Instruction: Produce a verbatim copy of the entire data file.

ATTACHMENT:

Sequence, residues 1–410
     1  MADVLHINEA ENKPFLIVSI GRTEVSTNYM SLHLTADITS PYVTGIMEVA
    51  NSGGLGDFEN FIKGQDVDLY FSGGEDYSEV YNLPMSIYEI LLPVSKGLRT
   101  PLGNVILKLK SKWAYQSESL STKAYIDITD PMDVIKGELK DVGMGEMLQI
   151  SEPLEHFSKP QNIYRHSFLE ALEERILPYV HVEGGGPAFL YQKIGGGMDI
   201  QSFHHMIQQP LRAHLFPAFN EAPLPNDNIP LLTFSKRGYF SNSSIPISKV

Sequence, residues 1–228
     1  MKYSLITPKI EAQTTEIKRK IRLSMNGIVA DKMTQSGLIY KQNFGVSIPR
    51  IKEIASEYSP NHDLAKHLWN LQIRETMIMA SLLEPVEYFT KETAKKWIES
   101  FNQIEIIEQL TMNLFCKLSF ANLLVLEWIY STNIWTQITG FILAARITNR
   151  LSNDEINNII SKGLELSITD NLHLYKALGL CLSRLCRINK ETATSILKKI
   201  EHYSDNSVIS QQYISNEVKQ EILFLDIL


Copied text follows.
Sequence, residues 1–410
     1  MADVLHINEA ENKPFLIVSI GRTEVSTNYM SLHLTADITS PYVTGIMEVA
    51  NSGGLGDFEN FIKGQDVDLY FSGGEDYSEV YNLPMSIYEI LLPVSKGLRT
   101  PLGNVILKLK SKWAYQSESL STKAYIDITD PMDVIKGELK DVGMGEMLQI
   151  SEPLEHFSKP QNIYRHSFLE ALEERILPYV HVEGGGPAFL YQKIGGGMDI
   201  QSFHHMIQQP LRAHLFPAFN EAPLPNDNIP LLTFSKRGYF SNSSIPISKV

Sequence, residues 1–228
     1  MKYSLITPKI EAQTTEIKRK IRLSMNGIVA DKMTQSGLIY KQNFGVSIPR
    51  IKEIASEYSP NHDLAKHLWN LQIRETMIMA SLLEPVEYFT KETAKKWIES
   101  FNQIEIIEQL TMNLFCKLSF ANLLVLEWIY STNIWTQITG FILAARITNR
   151  LSNDEINNII SKGLELSITD NLHLYKALGL CLSRLCRINK ETATSILKKI
   201  EHYSDNSVIS QQYISNEVKQ EILFLDIL